Following a 2010 court ruling on the matter, and several years of foot-dragging on the matter, the agency proposed limiting the use of retardants near lakes and other waterways. The change was spurred by concerns that the chemicals (notably ammonium phosphates) in the retardant can adversely impact fish and other aquatic species. It also was found to promote the growth of noxious weeds.
Some homeowners, however, expressed concerns about limiting aerial fire-suppression efforts, fearing the change could make it harder to stop forest fires and result in more property losses. Forest Service scientist Jack Cohen found that houses can survive even some high-intensity fires if they’re constructed correctly and have a good buffer zone around them.
US Forest Service Proposes Reductions in Fire Retardant Use in Forest Fires (Los Angeles Times)
Fire Fight: Forest Service Explores Chemical Retardant Hazards (by Judith Lewis Mernit, High Country News)
USFS May Sell Controversial Land
Residents of northern Utah reacted warily to the USFS proposal in 2010 to sell small portions of land in the Uinta-Wasatch-Cache National Forest, which is a patchwork of privately held and public lands.
The cause for concern stemmed from competing interests wanting access to a parcel of 5.75 acres. Developers saw it as an opportunity to build residential housing for Olympus Cove, while outdoor enthusiasts wanted some of the land reserved in order to expand access to a popular hiking trail (the Bonneville Shoreline Trail).
The Forest Service proposed that anyone buying the land would have to grant an easement for public access and limited trailhead parking along an existing road.
A second parcel of 30 acres was to be sold to create “SkiLink”—a gondola system—that would link two ski resorts. Proponents said it would ease vehicle traffic because currently there was no easy access between the two resorts (alpine-style ski lifts aren’t allowed on National Forest System lands). Opponents (especially archery hunters) said the SkiLink would harm elk habitats, as well as deer and grouse, reducing the number of animals that could be hunted.
Forest Service Proposes To Sell Its Olympus Cove Property (by Amy Joi O'Donoghue, Deseret News)
Olympus Cove Administrative Site Sale (U.S. Forest Service)
H.R. 3452 - Wasatch Range Recreation Access Enhancement Act (OpenCongress)
Groups Sue Forest Service to Keep Motorized Vehicles Off Trails
Organizations representing outdoorsmen and conservationists filed separate lawsuits over a two-year period against the USFS to stop the use of motorized vehicles in public forests.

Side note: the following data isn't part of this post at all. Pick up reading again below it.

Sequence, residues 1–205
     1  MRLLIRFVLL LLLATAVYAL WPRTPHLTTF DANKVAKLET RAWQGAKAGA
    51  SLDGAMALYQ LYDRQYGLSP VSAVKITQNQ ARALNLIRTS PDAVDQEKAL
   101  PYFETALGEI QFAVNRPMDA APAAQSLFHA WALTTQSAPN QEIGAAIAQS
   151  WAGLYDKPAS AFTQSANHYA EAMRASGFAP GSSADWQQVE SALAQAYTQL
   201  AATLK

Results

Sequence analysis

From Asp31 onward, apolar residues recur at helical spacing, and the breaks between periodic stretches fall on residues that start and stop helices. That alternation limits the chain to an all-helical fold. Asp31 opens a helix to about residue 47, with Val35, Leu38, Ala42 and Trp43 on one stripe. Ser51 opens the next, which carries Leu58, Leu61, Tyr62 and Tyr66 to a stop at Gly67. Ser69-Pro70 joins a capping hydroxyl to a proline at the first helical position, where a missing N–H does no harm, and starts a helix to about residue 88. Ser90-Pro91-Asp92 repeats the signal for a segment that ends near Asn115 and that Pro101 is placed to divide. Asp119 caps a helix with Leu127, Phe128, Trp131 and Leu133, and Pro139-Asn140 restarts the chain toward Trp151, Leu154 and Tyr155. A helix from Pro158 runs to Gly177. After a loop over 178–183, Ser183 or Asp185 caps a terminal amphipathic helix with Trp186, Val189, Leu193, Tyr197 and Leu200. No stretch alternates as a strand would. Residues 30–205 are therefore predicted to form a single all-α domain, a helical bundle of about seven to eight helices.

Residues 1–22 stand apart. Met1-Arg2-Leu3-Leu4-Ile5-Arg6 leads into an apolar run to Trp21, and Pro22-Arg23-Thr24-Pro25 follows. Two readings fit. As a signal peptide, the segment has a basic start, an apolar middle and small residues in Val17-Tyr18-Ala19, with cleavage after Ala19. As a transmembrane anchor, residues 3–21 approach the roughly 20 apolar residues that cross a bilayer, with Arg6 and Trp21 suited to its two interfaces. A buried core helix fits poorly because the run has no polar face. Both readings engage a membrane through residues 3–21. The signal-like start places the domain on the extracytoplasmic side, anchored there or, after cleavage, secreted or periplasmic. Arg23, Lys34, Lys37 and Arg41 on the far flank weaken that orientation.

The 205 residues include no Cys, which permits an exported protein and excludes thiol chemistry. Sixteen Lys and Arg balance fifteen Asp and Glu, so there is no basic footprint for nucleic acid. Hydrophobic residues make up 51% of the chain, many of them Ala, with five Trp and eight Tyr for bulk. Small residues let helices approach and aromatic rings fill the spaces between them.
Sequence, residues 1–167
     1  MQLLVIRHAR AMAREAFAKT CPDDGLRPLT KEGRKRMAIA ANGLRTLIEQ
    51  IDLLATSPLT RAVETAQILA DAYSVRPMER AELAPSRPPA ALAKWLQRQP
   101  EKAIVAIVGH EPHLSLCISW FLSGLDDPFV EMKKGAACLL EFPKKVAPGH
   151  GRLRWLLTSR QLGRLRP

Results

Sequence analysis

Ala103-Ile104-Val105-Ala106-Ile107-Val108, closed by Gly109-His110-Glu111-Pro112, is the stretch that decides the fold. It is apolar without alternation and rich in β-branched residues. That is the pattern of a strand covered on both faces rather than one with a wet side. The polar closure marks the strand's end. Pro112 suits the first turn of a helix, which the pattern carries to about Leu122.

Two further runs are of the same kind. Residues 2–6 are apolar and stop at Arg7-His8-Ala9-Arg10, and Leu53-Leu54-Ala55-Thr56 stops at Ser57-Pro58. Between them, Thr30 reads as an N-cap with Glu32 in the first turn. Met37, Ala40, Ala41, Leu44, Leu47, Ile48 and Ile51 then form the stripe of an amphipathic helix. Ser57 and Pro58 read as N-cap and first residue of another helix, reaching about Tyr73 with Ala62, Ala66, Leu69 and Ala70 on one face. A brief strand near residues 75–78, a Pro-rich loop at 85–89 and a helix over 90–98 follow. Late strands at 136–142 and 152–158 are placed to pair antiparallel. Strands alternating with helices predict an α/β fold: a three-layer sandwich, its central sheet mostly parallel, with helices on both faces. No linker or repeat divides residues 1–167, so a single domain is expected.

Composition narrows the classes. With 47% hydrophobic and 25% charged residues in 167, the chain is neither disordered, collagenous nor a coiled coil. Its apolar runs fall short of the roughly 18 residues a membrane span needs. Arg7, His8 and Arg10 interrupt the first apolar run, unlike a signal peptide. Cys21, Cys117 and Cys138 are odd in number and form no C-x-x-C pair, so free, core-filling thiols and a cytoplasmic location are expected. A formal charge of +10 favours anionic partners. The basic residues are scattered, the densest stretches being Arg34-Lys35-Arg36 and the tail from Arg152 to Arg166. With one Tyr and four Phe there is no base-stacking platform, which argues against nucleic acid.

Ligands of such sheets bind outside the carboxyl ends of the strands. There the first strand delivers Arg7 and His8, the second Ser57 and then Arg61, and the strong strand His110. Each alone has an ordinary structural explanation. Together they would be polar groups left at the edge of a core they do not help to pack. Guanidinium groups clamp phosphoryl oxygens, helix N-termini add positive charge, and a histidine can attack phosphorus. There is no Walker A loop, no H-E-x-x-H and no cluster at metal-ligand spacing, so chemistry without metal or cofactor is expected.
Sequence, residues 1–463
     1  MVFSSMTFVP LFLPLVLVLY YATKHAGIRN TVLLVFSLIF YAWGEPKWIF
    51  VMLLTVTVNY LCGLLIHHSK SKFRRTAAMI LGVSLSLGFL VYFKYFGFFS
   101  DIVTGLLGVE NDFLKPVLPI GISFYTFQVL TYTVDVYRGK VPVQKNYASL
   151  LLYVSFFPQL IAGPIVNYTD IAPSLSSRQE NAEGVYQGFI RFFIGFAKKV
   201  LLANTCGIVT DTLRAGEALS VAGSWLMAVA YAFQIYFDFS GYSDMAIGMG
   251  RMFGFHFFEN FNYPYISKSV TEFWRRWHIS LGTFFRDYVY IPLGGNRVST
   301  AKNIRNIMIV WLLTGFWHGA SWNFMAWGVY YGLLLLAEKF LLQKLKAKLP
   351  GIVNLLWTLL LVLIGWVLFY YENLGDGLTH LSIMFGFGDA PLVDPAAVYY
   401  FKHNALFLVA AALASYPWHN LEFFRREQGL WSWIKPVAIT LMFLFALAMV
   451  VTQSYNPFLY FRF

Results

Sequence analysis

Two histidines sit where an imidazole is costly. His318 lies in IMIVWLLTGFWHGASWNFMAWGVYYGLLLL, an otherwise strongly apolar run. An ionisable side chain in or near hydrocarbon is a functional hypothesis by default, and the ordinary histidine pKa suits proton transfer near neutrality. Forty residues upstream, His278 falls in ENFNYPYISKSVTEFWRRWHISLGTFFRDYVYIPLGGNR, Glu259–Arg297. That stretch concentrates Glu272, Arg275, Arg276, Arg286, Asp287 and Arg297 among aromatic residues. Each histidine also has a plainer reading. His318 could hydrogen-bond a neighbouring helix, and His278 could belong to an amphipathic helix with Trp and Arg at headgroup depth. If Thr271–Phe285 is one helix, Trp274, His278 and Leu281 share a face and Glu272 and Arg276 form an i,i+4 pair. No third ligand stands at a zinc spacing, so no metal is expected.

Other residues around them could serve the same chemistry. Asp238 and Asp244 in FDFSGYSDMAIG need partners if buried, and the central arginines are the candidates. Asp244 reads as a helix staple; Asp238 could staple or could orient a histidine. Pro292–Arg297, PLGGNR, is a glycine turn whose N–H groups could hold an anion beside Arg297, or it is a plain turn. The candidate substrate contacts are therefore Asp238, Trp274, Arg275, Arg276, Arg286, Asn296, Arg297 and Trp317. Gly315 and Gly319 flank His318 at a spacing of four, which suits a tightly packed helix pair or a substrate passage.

In 2011, the Colorado chapter of Backcountry Hunters and Anglers (CBHA) sued the Forest Service over road use in the San Juan National Forest. The CBHA claimed the agency had violated federal law in allowing off-road vehicle use on 14 trails covering 80 miles of land.
The Forest Service was accused of violating the National Environmental Policy Act, National Forest Management Act, the management plan for the San Juan National Forest, and Executive Orders 11644 and 11989 addressing motorized vehicle use on public lands.
A CBHA member said the group filed the litigation out of concern for improving habitat protection and expanding hunting opportunities.
Similar concerns were cited by an environmental group in 2012 when it sued the Forest Service over a proposed road in the Caribou-Targhee National Forest in Idaho. The Greater Yellowstone Coalition filed its lawsuit to stop the construction by autumn 2013 of an eight-mile road for ATV vehicles that threatened to harm nearby lands, waters, and wildlife.
Group Sues Forest Service Over Trails (Cortez Journal)
Ecological Impacts of Roads and Road Use on Wildlife Populations (U.S. Geological Survey)
Group Sues To Keep ATV Trail Out Of Forest (by Kendra Evensen, Idaho State Journal)
Controversy over Jesus Statue on Forest Service Land
Atheists called upon the USFS in 2011 to remove a six-foot statue of Jesus Christ from public lands in Montana.
Known as Big Mountain Jesus, the statue overlooks Flathead Valley at the Whitefish Mountain Resort. Because the land belongs to the Forest Service, the Freedom From Religion Foundation demanded the religious idol be taken down.